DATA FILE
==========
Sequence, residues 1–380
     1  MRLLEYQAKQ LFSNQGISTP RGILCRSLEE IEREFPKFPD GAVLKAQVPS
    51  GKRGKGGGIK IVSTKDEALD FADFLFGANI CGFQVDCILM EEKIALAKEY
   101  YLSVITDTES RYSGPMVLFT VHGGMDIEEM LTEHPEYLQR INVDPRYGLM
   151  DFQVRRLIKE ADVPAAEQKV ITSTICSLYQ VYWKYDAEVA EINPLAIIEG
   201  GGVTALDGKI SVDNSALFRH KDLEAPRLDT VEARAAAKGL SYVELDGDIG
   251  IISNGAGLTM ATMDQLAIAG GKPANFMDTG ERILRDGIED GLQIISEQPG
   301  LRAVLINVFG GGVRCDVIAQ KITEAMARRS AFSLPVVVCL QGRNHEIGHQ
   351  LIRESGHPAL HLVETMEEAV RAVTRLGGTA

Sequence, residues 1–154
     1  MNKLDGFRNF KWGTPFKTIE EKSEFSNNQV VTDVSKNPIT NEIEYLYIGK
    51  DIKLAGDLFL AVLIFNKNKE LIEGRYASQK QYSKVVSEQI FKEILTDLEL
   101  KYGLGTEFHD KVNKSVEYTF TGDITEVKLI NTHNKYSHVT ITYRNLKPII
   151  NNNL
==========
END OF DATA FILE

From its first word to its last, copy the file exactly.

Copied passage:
Sequence, residues 1–380
     1  MRLLEYQAKQ LFSNQGISTP RGILCRSLEE IEREFPKFPD GAVLKAQVPS
    51  GKRGKGGGIK IVSTKDEALD FADFLFGANI CGFQVDCILM EEKIALAKEY
   101  YLSVITDTES RYSGPMVLFT VHGGMDIEEM LTEHPEYLQR INVDPRYGLM
   151  DFQVRRLIKE ADVPAAEQKV ITSTICSLYQ VYWKYDAEVA EINPLAIIEG
   201  GGVTALDGKI SVDNSALFRH KDLEAPRLDT VEARAAAKGL SYVELDGDIG
   251  IISNGAGLTM ATMDQLAIAG GKPANFMDTG ERILRDGIED GLQIISEQPG
   301  LRAVLINVFG GGVRCDVIAQ KITEAMARRS AFSLPVVVCL QGRNHEIGHQ
   351  LIRESGHPAL HLVETMEEAV RAVTRLGGTA

Sequence, residues 1–154
     1  MNKLDGFRNF KWGTPFKTIE EKSEFSNNQV VTDVSKNPIT NEIEYLYIGK
    51  DIKLAGDLFL AVLIFNKNKE LIEGRYASQK QYSKVVSEQI FKEILTDLEL
   101  KYGLGTEFHD KVNKSVEYTF TGDITEVKLI NTHNKYSHVT ITYRNLKPII
   151  NNNL